BLOG Brian Roper

NWR Issue 101

Parallel Lines, Chapter, Cardiff, 21 November 2013

Dirty Protest in association with Chapter
Writer: Katherine Chandler

This is a play about wrongdoing and revenge. It has a twist in its tail and we are left to ponder a conundrum which, whilst expressed contemporarily, is actually eternal. Which is the lesser of two evils?

To reached the expected conclusion requires a belief in the characterisation, principally that of Steph, an aggrieved adolescent girl (played by Rachel Redford). Her portrayal promised much but the script does not sufficiently underpin her character. The choices which Steph faces are not real enough to create the moral tension required.

Two households are set side by side but they are worlds apart. Steph and her mother Melissa (Jan Anderson) live together. No father is evident but the mother’s men-friends are around. The scene is one of orthodox dysfunctionality. This is rancid milk land. The mother is living a very full life, has a well-grounded fear of authority and has lost any influence or control over her 15-year-old daughter. Something happens at school, accusations are made, enquiries are undertaken and not satisfied: revenge is taken. The language is ripely vernacular although the full vocabulary is, surprisingly, not deployed.

Parallel to this, Steph’s teacher, Simon (Gareth Pierce) is living an apparently ‘normal’ life with his wife of ten years and fellow teacher, Julia (Lisa Diveney), in a well ordered if soulless and childless home. This is cafetière country. But Julia is having her own problems at school. This mundane scene is rocked by events which connect Steph and Simon, and the household descends into acrimony and recrimination.

Rachel Redford as Steph took a while to warm up but got there in the end. The Keerdiff accent was not vintage Canton and the Ali G hand gestures jarred. Lines such as ‘I’m a teenager, you know what we’re like’ didn’t help. However there was real dramatic control and the portrayal of anger and sexuality was compelling. It does, however, strain credibility to hear this character quote John MacCrae (‘In Flanders Fields’) and Edmund Burke (Evil prevails…).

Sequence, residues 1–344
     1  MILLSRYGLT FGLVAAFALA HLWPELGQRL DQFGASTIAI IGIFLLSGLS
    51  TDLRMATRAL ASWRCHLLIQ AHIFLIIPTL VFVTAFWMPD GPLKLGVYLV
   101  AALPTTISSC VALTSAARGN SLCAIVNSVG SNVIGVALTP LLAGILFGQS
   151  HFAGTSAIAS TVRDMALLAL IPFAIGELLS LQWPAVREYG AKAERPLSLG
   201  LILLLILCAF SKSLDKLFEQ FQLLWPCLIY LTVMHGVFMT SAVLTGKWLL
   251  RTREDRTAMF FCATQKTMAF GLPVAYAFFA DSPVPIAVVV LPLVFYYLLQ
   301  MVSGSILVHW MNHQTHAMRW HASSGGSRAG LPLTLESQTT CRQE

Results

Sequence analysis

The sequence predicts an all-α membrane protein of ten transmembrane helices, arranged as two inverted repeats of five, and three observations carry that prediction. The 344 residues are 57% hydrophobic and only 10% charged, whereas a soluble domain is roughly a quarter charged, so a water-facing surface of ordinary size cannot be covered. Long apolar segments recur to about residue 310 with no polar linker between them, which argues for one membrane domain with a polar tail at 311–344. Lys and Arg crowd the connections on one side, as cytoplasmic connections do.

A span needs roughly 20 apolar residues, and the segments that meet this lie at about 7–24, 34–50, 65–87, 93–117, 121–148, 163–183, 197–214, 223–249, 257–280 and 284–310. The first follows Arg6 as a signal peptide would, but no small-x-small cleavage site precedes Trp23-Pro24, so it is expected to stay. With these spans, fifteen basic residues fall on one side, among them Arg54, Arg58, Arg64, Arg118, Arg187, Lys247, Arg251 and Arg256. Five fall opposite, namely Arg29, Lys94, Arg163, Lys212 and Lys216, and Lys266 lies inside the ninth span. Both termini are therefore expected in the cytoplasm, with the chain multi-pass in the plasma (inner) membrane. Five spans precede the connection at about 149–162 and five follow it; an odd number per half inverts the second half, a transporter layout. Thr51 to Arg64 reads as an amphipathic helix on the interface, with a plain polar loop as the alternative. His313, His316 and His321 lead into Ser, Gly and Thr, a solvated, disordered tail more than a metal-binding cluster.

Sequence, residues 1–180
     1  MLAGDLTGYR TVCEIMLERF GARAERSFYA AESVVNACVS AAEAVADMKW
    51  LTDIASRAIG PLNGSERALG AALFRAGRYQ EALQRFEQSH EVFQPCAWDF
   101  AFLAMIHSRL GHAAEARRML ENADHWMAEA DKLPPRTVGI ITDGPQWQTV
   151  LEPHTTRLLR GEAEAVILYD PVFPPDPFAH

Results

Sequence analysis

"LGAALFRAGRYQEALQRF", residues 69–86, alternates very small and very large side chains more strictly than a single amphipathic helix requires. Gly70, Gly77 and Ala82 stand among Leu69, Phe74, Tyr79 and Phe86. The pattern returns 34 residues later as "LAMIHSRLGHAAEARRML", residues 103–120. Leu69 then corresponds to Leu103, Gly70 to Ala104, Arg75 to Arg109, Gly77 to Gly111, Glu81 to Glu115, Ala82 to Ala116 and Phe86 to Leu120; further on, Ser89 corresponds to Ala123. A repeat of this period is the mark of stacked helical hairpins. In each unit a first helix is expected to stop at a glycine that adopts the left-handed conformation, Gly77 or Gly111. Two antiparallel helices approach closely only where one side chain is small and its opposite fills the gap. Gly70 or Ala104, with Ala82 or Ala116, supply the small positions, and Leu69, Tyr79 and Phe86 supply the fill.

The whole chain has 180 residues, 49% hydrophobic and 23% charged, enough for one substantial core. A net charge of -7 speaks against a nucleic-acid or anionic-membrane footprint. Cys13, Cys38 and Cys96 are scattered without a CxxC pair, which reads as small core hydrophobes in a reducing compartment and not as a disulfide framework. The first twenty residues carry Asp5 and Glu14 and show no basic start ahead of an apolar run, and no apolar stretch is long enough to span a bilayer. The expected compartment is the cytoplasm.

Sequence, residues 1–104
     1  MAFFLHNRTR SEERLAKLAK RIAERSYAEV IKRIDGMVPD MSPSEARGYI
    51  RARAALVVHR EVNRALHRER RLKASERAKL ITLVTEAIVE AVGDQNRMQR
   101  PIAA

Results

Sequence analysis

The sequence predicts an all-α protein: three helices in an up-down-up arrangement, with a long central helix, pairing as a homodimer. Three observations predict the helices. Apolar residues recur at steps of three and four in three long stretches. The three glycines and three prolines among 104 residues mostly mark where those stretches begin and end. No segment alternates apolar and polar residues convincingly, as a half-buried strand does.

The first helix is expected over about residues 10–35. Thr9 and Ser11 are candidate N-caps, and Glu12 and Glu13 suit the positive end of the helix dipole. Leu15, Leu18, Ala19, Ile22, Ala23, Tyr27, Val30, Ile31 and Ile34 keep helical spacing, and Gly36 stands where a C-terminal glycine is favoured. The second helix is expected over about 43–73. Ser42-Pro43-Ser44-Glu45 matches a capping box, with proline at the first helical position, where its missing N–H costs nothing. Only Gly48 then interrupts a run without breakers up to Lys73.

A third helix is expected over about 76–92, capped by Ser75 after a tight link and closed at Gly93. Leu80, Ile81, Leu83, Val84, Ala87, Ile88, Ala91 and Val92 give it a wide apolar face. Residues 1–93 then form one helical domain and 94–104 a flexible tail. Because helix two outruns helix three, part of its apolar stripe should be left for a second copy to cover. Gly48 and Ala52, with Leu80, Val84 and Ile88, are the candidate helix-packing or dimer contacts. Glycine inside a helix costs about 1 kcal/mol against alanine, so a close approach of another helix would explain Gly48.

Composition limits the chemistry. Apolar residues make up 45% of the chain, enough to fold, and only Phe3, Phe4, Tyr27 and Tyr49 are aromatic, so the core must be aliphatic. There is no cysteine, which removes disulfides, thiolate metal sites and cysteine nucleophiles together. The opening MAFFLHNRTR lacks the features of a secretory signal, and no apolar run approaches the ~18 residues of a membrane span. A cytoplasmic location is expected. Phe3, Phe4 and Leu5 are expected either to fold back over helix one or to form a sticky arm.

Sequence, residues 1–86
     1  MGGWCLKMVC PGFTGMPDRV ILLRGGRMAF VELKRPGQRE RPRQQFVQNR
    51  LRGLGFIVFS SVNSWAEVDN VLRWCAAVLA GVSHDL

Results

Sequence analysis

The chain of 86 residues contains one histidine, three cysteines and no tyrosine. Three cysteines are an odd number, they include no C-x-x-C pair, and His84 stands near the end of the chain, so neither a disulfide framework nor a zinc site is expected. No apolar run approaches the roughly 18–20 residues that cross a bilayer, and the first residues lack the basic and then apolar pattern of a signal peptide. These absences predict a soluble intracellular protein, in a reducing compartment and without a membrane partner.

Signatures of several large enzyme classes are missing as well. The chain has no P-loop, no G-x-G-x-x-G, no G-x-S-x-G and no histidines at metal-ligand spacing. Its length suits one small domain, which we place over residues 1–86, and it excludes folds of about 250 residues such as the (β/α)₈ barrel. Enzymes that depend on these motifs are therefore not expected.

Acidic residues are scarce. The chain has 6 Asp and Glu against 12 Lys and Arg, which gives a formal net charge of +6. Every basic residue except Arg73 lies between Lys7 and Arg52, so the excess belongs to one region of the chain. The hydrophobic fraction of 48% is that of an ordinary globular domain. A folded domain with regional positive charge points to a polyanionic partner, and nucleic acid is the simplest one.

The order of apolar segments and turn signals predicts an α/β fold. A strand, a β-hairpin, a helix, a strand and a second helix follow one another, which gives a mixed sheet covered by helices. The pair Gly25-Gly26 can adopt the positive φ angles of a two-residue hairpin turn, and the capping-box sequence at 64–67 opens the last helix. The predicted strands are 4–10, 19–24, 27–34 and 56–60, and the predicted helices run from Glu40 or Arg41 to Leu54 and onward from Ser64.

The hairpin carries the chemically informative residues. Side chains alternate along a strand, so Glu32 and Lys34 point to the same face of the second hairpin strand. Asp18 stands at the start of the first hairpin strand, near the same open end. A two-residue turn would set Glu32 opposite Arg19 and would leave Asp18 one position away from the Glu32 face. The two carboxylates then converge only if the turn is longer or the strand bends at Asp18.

Steph’s mother, Melissa, was played by Jan Anderson and her depiction was real enough to have set me wondering where I had met her. Whether natural or acquired, the accent was perfect and her portrayal of the ‘sluttish’ mother was excellent down to the coordinated leopardskin slippers, dressing gown and handbag. The encouragement to her daughter to ‘learn yourself’ and to ‘get some exams’ was authentic, as was her bullying cowardice.

Lisa Diveny, playing Julia, was rather buttoned up and somewhat overshadowed by the histrionics of Steph and her mother. Hers is a world of book clubs, poetry slams, hessian shopping bags and Radio 6 Music. When she gets a chance to reveal a more edgy side to her nature, the opportunity is taken. There is a potential which this script does not liberate.

Steph’s teacher, Simon, is an enigmatic character. Initially methodical, even fussy, the role demands a descent into mania and despair. Gareth Pierce is better at mania than house husbandry. Given the events in Steph’s place, it was always going to be a challenge to make banality interesting.

The set was simple but effective, providing for a Weskerian kitchen sink drama and a well made play in split screen. The radio backround music provided a context which initially assisted but subsequently became intrusive.

Parallel Lines exposed a real issue well worthy of serious exploration and it was presented with conviction and skill but had the chance been taken to more fully validate its central proposition, it would have been much more convincing.

Brian Roper is an NWR online contributor


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